Slow Android Wear sales underline challenges Google and its partners face

Hardware constraints, user interface and lack of good reasons to buy one is holding back sales

The Android smart watch's time may not yet have come: Despite heavy promotion of Android Wear, Google's hardware partners, including LG Electronics, Motorola Mobility and Samsung Electronics, only shipped 720,000 of the devices last year.

With the arrival of products such as Motorola's hotly anticipated Moto 360, the smartwatch market was expected to take off. But the data from market research company Canalys shows that consumers are still far from convinced that they need buy one.

"Android Wear will need to improve significantly in the future, and we believe it will do so," said Daniel Matte, analyst at Canalys.

Those improvements have to happen across the board, including a better user interface and improved battery life, according to Francisco Jeronimo, research director for European mobile devices at IDC.

"I use a lot of mobile devices, and found the Android Wear interface difficult to learn. And when I finally had learned how to use it, I really didn't like the experience," he said.

Battery life is also a concern, and one that can't be easily solved. The arrival of customized chipsets will help but that can't change the size of smartwatches, which means you can only use a small battery.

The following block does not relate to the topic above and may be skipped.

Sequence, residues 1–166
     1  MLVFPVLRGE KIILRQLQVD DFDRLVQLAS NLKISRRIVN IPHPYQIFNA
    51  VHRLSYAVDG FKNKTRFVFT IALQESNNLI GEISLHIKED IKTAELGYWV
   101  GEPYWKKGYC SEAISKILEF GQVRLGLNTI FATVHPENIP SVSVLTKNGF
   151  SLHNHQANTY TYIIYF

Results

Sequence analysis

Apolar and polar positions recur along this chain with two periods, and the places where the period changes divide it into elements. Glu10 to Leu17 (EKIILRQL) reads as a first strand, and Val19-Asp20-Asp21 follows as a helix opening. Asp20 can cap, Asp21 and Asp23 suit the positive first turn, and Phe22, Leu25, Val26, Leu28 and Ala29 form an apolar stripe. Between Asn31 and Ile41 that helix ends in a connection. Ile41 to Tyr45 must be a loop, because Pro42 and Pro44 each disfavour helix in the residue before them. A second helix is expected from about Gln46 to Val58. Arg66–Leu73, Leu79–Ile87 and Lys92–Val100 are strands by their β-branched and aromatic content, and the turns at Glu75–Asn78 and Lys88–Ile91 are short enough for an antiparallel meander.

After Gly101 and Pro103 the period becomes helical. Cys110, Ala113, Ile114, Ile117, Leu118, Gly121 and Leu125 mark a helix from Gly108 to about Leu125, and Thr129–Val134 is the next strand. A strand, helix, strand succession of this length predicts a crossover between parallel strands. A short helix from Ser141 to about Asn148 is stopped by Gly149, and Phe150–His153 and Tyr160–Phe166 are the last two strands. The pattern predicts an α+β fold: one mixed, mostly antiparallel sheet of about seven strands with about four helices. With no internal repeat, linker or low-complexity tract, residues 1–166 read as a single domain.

"It will take several years before battery life improves," Jeronimo said.

Some vendors are also tripping up themselves and users with their design choices. For example, users of Samsung's smartwatches need a cradle to fill an empty battery, instead of plugging a charger directly into the device. That just adds an extra level of complexity for users, according to Jeronimo.

However, the biggest obstacle isn't these technical constraints, but that Google, vendors and application developers haven't come up with a reason why consumers should invest in an Android Wear smartwatch, Jeronimo said.

With these shortcomings Android Wear hasn't been able to dominate the smartwatch market in the way Google's platform has taken over smartphones.

Rival Pebble shipped a total of 1 million units from its 2013 launch through to the end of 2014. Continual software updates, more apps in its app store and price cuts in the fall helped maintain strong sales in the second half of the year, according to Canalys.

But all eyes are now on Apple and its Watch, which is scheduled to go on sale in April. Jeronimo goes so far as to say the future of smartwatches now rests on Apple's shoulders.

"If Apple can't get it right it may kill the category, because if Apple can't succeed which company can," he said.

Apple's CEO Tim Cook seems convinced the Watch can deliver, saying that users will find enough features to not be able to live without one, he said this week. Just as the company changed the markets for MP3 players, smartphones and tablets, Apple's Watch will change the smartwatch market.

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